Not including officers in training, the APD currently runs two officers below the staffing levels Corona Solutions deemed inadequate for meeting the department&

s goals for response time &

three minutes for the highest priority calls, 15 minutes for second-tier calls and 45 minutes for third priority needs.

Bianca &

didn&

t think&

the department needed more officers, but is now looking for the grounds for the association&

s complaints, such as too many calls being assigned to each officer or rising crime rates.

&

Now I&

m going to study that and find where the justification is.&

Bianca said. &

I believe we need more detectives and that was where, before this staffing issue was raised recently, we need to build our force.&

Minimum staffing for the department equates to one supervisor and one patrol officer working the day shift, from 6 a.m. to 2 p.m. During the swing (2 p.m. to midnight) and graveyard (8 p.m. to 6 a.m.) a supervisor is supposed to work with two patrol officers. This is not always the case at APD.

&

We&

ve always felt like we could use more officers.&

Selby said. &

It&

s been a long time since we were fully staffed.&

tracking the overtime the department is paying out, the department is staffing one extra person through time-and-a-half compensation, according to Selby, though she believes the department could provide the foot and bike patrols the community has asked for if it were to hire six additional patrol officers.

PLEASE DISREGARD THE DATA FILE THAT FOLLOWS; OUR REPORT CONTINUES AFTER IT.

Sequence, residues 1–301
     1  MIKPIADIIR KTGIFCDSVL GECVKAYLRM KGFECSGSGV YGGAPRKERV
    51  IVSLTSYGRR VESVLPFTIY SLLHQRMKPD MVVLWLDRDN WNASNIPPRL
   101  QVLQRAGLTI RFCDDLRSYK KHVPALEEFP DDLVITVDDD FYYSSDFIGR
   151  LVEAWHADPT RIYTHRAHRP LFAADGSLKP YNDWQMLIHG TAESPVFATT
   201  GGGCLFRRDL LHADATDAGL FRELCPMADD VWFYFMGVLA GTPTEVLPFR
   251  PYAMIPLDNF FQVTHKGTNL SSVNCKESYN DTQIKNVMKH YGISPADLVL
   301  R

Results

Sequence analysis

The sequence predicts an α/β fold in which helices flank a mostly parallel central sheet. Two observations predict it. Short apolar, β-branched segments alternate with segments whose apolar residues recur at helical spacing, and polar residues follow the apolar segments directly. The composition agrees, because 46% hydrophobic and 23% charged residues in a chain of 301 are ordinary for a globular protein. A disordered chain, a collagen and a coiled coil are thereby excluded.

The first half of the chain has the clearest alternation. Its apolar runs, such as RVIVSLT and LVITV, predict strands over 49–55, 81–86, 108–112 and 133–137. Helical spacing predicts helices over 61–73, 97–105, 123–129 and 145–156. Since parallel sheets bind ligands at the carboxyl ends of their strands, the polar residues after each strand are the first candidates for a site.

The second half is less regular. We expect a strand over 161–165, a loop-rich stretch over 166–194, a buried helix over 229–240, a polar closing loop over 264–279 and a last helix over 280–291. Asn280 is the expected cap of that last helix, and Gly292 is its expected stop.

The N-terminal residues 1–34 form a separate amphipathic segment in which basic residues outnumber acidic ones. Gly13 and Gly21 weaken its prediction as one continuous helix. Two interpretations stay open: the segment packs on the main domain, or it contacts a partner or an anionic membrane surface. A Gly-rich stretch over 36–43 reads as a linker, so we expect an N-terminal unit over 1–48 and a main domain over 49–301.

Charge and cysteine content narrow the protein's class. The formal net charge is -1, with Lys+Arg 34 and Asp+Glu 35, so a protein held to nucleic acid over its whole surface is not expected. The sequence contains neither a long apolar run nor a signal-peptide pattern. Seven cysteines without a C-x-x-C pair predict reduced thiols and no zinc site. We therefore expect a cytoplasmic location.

Although no one minds the overtime compensation, the number of extra hours some officers put in come in the form of compensation hours. The comp time could be used as extra vacation hours, but there the tight scheduling affords little opportunity for time off. As a result, those comp hours translate into paid, but unused vacation hours.

With overtime pay last year, one patrol officer grossed more than $72,000, according to Selby.

&

That&

s about $22,000 more than me,&

she said. Selby is not eligible for overtime pay.

Regular pay for patrol officers falls between $35,484 and $45,084 annually.

Filling the void

On most days, Ashland residents may not notice that only one or two officers are available to respond to calls for service. People see police vehicles on the streets and may believe the city is overrun with officers.

However, a significant portion of the APD officers out and about during the day do not respond to 911 calls. These other officers dedicate their time to special assignments, managing the police staff or backing up patrol officers in serious situations.

So during the bank robbery, the Ashland police department appeared to be out in force. That force included two detectives, to sergeants, the downtown officer and the community service officer supporting the two patrol officers on duty. Eventually, two Oregon State Police troopers, an FBI agent and a lieutenant, detective, two patrol officers and a police dog from the Medford Police Department were on scene to help with the investigation.

During that time, all other 911 calls waited.

On a regular basis, people calling for service for incidents rated low in priority wait upwards of an hour for an officer to respond, according to APD officials.

&

We&

ve had party calls wait two to three hours.&

Selby said, explaining that responding to nuisance calls, such as a noise violation, can sometimes prevent fights or drunk driving.

&

It doesn&

t make sense,&

MacLennan said. &

The city&

s not getting the service they deserve.&

Staff writer can be reached at 482-3456 x 3019 or jsquires@dailytidings.com.